The cold-milling apparatus of the present invention comprises a cooling tower 1 closed on opposite ends by gas-tight material-passing gates 4, 5, in which the mterial to be milled is cooled. A pin-type attrition mill 2 is provided below thetower and is connected by another gate 6 with a collecting vessel or bin 3 for the milled product. This container 3 is closed from the atmosphere by still another gate 7.
To cool the material to be milled, a duct 20, leading from a counterflow heat exchanger 9, carries the cooling gas into the base of the tower 1. The cooling gas is preferably He.
The cooling gas after being warmed in direct heat exchange with the material in the tower 1, is carried off at the top of the tower 1 via a duct 21 opening into the base of the bin 3. The gas is further warmed by abstracting cold from the milledproduct in this container or bin 3 and is carried from the top of the latter via line 22 to a compressor 8. The compressed gas is delivered via line 19 to the other side of the counterflow heat exchanger 9. The compressor 8, line 19, the counterflowheat exchanger 9, line 20, the tower 1, line 21, the bin 3 and line 22 constitute a closed circulation path for the cooling gas stream.
At several locations along the counterflow heat exchanger 9, communicating with the cooling gas space thereof, are lines 12, 13 and 14 provided with respective controllable valves 15, 16 and 17 for diverting a portion of the cooling gas into aninlet for the attrition mill to serve as the carrier gas. A separating vessel 23 is provided between the mill 2 and the bin 3 from which gas (carrier gas) is withdrawn via line 18 and passed through a filter 24 which removes dust of the milled product. The carrier gas rejoins the cooling gas stream at the inlet to the compressor 8. Thus a closed path for the carrier gas stream is established via line 18, filter 24, compressor 8, line 19, lines 12, 13 or 14, mill 2 and the separating chamber 23.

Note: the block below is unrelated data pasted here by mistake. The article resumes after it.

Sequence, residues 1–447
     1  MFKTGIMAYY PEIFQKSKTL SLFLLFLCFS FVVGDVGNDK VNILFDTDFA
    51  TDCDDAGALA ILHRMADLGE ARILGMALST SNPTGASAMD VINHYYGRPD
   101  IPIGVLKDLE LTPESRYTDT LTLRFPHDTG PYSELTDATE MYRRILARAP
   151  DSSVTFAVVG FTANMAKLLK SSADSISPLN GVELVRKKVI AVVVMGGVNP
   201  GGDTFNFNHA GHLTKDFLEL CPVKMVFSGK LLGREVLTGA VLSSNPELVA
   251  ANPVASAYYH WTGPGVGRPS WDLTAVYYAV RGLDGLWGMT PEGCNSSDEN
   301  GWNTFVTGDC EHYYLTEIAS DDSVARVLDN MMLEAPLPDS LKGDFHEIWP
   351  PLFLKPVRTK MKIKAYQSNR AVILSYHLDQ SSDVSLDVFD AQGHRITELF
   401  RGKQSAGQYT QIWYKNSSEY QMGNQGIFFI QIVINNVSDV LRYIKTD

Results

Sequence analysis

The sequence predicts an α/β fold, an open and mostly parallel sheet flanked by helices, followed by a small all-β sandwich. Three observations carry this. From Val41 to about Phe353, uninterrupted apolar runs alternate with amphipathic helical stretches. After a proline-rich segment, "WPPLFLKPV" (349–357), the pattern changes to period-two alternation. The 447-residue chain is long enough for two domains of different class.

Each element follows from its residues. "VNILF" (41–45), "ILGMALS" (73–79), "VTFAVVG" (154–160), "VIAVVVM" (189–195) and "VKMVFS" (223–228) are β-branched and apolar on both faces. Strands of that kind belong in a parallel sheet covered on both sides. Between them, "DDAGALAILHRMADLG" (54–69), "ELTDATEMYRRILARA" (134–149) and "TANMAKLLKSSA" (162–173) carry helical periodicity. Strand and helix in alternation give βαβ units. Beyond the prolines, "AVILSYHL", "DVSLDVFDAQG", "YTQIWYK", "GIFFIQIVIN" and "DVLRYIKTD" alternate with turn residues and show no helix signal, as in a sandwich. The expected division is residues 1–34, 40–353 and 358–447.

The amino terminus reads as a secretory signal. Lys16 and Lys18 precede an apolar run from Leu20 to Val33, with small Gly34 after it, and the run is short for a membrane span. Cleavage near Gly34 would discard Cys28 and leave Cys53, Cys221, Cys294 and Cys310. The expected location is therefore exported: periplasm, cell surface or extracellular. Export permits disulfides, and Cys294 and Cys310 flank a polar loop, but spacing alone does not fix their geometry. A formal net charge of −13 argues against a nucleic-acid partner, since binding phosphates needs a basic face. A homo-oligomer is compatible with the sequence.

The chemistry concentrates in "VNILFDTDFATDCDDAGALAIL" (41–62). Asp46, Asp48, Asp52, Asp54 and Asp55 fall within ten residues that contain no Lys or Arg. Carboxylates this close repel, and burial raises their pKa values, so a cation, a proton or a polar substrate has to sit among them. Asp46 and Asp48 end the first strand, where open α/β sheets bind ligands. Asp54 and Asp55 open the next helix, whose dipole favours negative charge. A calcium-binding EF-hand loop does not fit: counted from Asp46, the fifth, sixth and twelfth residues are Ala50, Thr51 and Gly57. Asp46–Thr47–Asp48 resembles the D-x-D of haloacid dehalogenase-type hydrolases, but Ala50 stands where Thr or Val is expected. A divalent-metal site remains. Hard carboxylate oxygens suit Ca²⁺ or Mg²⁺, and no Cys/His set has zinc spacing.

In the counterflow heat exchanger 9, the cooling gas stream and the carrier gas stream are cooled via a separately displaced coolant fluid delivered via line 25 from a suitable source, e.g. an air rectification installation, tank, liquefactiondevice or the like. The cooling fluid is liquid N.sub.2. Since the coolant does not fully lose its cooling power within the counterflow heat exchanger 9, it is passed in a gaseous stage through a heat exchanger 10, e.g. a coil, within the tower 1 toprecool the material therein. The nitrogen is thereafter released into the atmosphere at 10a through a valve 10b.